Solitary dining
Meals so special you'll be glad they're yours alone

By JOHN F. CARAFOLI 
CONTRIBUTING WRITER

This is a time of uncertainty and unrest for all of us. It makes me think of my career as a food stylist and how frivolous it seems given what is happening in the world today. How important is it to write about food amidst such turmoil? I started to fixate on these and other issues in my life and a feeling of anxiety swept over me.

It took me awhile to regroup and realize I cannot control life's circumstances but I can change my perspective and attitude. We all need techniques for centering ourselves and feeling peaceful. Whether dealing with a stressful job, relationship, or family matters, it is important to distance oneself in order to gain a proper outlook. My release is to create a wonderful meal for myself. It centers me.

Here is how I make it happen. I bring out my colorful tablecloth, buy flowers and place them in a vase, light several candles, and turn on peaceful music. I always have staples in the freezer and refrigerator so I can easily make a special and quick dinner for one. When I shop for food, I pamper myself. I buy the best-quality meats and fish and the freshest vegetables. And I never forget a good glass of wine

A favorite simple pasta dish is my Chicken Ginger Stir-Fry. If I do not have all the vegetables in the recipe on hand I make substitutions like zucchini, or yellow squash, or even asparagus instead of the snow peas. I also like serving it over rice instead of pasta.

I save the more elaborate Rock Cornish Hen with Curried Fruit Stuffing for the weekend, usually Sunday. It's always nice to spend a relaxing Sunday at home without a throng of hungry guests to feed. This hearty recipe fills the house with good cooking aromas. I serve it with a vegetable like asparagus, couscous tossed with a little butter, a crispy green salad and a slightly fruity white wine to complement the stuffing.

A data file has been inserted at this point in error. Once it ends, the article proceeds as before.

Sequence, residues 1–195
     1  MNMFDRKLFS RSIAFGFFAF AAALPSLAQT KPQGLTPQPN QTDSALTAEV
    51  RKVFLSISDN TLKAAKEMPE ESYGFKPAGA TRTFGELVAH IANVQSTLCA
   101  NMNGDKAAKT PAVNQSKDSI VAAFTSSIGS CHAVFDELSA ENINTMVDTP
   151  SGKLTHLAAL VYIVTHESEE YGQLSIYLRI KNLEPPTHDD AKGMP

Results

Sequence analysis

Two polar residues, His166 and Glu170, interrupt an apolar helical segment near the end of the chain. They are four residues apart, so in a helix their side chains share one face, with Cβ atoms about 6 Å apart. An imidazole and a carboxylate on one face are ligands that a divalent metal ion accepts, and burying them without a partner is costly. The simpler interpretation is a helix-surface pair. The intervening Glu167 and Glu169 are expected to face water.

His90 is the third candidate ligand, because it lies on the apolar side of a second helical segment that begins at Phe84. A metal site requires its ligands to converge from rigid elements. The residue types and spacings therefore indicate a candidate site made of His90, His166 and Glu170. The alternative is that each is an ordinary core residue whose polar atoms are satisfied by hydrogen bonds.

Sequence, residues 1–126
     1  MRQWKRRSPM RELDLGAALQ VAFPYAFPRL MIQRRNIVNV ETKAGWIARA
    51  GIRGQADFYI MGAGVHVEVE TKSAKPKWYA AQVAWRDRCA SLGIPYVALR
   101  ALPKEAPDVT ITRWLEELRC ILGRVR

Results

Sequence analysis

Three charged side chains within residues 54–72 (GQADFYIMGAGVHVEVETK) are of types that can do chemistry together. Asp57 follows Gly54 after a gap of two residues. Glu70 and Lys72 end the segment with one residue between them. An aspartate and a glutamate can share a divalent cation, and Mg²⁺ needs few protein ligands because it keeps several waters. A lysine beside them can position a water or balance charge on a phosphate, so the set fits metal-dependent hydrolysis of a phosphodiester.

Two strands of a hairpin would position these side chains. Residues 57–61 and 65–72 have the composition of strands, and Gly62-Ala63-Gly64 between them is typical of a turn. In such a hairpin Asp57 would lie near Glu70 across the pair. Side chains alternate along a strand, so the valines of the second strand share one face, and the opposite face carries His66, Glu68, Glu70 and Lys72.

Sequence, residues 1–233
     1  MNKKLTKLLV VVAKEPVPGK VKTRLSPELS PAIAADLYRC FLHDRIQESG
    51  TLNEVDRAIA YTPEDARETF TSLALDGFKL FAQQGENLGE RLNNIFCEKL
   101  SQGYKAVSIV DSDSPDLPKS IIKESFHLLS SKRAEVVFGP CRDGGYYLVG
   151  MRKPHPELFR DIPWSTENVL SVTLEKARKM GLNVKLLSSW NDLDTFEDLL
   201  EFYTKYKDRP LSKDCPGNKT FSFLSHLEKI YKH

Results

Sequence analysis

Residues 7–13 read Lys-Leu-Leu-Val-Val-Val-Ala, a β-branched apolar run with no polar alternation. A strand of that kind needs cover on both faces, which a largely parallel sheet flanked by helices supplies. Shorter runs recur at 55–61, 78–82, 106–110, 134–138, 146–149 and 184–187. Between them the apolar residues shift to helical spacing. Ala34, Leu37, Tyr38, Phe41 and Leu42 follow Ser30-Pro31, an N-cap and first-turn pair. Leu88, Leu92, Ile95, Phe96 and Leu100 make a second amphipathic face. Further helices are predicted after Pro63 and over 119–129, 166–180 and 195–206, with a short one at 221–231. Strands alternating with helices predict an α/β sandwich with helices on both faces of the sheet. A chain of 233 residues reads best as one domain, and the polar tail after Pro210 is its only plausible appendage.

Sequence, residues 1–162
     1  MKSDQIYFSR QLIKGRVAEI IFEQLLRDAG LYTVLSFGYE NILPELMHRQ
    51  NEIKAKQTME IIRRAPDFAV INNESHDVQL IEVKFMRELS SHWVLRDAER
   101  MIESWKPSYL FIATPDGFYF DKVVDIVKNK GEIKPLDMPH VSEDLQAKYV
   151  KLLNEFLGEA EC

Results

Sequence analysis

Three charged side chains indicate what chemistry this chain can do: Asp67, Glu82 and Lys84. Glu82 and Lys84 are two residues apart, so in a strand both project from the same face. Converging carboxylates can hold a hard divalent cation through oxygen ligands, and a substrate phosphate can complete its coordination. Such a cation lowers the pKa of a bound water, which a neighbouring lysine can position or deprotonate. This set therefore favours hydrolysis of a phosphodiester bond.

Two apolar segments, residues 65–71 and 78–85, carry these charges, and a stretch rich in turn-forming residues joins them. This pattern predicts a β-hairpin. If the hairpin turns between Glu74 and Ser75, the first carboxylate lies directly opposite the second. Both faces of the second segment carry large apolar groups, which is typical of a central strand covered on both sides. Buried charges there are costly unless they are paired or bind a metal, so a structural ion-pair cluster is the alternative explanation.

If I am not very hungry, I might make the simple but flavorful Carrot Orange Soup and have it with a piece of warm crusty bread and a fresh green salad.

Remember when making a meal for yourself, following the recipes and preparing the food can be a kind of meditation. If you are properly focused, the required level of concentration can transport you out of our chaotic world to a calmer, inner-world. Cooking is wonderful therapy.

 

 

Chicken Ginger Stir-Fry

3 quarts water

1 tablespoon olive oil

2 ounces farfalle (butterfly) pasta

2 tablespoon peanut oil

1 garlic clove, crushed

1/2 pound boned chicken breast, NOTE: chicken tenders work well in this dish.

1/2 teaspoon grated fresh ginger

1/2 stalk celery, diced

1 scallion, thinly sliced

1 small red pepper, diced

1/4 pound snow peas

1/4 cup water chestnuts

1 1/2 teaspoons cornstarch

1 teaspoon tamari or soy sauce

2 tablespoons coarsely chopped cashews

 

Bring water to a boil in a large pot. Add the olive oil, salt and noodles. Cook until al dente (cooked so they are still slightly firm to the bite). Drain and keep warm.

Lightly pound chicken to a uniform thickness (about 3/8 inch) and cut into 1-by-2 inch pieces.